University Park, Pa. -- Penn State researchers have developed a computer program that mimics the results when a human appraises a task as threatening and feels worried before starting.
Dr. Frank Ritter, associate professor in the School of Information Sciences and Technology (IST), says, "In this study, we used our program to mimic the results achieved by people who can be seen as having a type of math anxiety. However, the program could also be used to study the effects of feeling threatened or worried before driving a car, using a computer or other stressful task -- and to help develop remedial strategies."
The results were described in a paper, “Using Cognitive Modeling To Study Behavior Moderators: Pre-Task Appraisal and Anxiety,” presented this month at the 48th Annual Meeting of the Human Factors and Ergonomics Society in New Orleans. The authors are Ritter, Andrew Reifers, an IST doctoral student; Laura C. Klein, assistant professor of biobehavioral health, College of Health and Human Development; Karen Quigley, New Jersey Medical School, University of Medicine and Dentistry of New Jersey; and Mike Schoelles, Rensselaer Polytechnic Institute.
Ritter explains that, in general, when people appraise a task as threatening, they have greater difficulty processing information.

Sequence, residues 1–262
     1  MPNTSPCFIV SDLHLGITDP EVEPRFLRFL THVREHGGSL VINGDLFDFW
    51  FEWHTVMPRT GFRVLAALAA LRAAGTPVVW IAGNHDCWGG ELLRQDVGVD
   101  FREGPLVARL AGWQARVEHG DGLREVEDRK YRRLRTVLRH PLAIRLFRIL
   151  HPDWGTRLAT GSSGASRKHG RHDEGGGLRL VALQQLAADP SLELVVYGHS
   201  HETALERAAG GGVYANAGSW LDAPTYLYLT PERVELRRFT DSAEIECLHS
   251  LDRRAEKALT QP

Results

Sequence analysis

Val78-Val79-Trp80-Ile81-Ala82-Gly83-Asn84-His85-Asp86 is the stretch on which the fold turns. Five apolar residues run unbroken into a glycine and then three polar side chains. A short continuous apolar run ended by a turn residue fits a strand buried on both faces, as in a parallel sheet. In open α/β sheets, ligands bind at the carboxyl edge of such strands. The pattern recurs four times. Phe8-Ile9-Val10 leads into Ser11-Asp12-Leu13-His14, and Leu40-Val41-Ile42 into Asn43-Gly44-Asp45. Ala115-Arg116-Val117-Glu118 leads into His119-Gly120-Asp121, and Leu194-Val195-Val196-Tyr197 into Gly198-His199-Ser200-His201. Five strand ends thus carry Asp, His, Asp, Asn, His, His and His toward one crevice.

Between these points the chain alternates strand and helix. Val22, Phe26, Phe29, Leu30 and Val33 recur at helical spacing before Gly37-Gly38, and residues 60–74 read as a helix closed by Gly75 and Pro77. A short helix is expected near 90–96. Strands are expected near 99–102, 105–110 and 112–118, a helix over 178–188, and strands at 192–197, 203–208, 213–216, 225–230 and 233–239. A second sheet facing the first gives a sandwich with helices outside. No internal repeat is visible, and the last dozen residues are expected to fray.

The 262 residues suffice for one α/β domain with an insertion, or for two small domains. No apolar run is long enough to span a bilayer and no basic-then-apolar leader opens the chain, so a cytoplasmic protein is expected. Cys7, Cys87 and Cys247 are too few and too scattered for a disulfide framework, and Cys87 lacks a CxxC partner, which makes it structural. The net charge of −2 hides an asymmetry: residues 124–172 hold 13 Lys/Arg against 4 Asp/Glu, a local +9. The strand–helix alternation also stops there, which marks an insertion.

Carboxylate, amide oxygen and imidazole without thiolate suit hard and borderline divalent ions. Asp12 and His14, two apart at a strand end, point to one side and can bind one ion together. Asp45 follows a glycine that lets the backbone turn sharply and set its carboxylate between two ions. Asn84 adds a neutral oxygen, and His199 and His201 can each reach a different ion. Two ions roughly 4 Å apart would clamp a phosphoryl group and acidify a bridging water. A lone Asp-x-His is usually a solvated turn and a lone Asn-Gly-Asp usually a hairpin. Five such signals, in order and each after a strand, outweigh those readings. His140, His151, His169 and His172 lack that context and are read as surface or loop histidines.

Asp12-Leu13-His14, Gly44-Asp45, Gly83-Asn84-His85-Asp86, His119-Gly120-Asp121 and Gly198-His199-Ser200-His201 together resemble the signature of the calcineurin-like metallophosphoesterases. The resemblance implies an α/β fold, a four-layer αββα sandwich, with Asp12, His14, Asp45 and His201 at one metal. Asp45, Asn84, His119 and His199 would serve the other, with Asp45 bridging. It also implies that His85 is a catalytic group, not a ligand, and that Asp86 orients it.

On the other hand, people who appraise a task as challenging perceive themselves as having more than enough resources to perform the task, don't respond with stress and perform well on the task.
For their study, the Penn State researchers developed a computer program that simulated how people who felt threatened would respond when asked to perform a serial subtraction problem (i.e., start with a four-digit number such as 2,522 and repeatedly subtract from it a specific one or two-digit number such as 7 or 13). The handicapped program matched fairly well the published data on humans threatened by the task: performance accuracy remained the same but performance speed decreased about 25 percent.
"The correspondence suggests that the modifications we made to the program to simulate feeling threatened and worried provides a plausible explanation for the decreased performance in people on this task," Ritter explains.
He adds that the results also suggest two ways to help individuals to switch their pre-task appraisal from threatening to challenging. First, they could increase their knowledge through instruction and practice. Second, they could continuously check their results to bolster their confidence while they work.
The study was supported by a grant from the Office of Naval Research.
Cite This Page: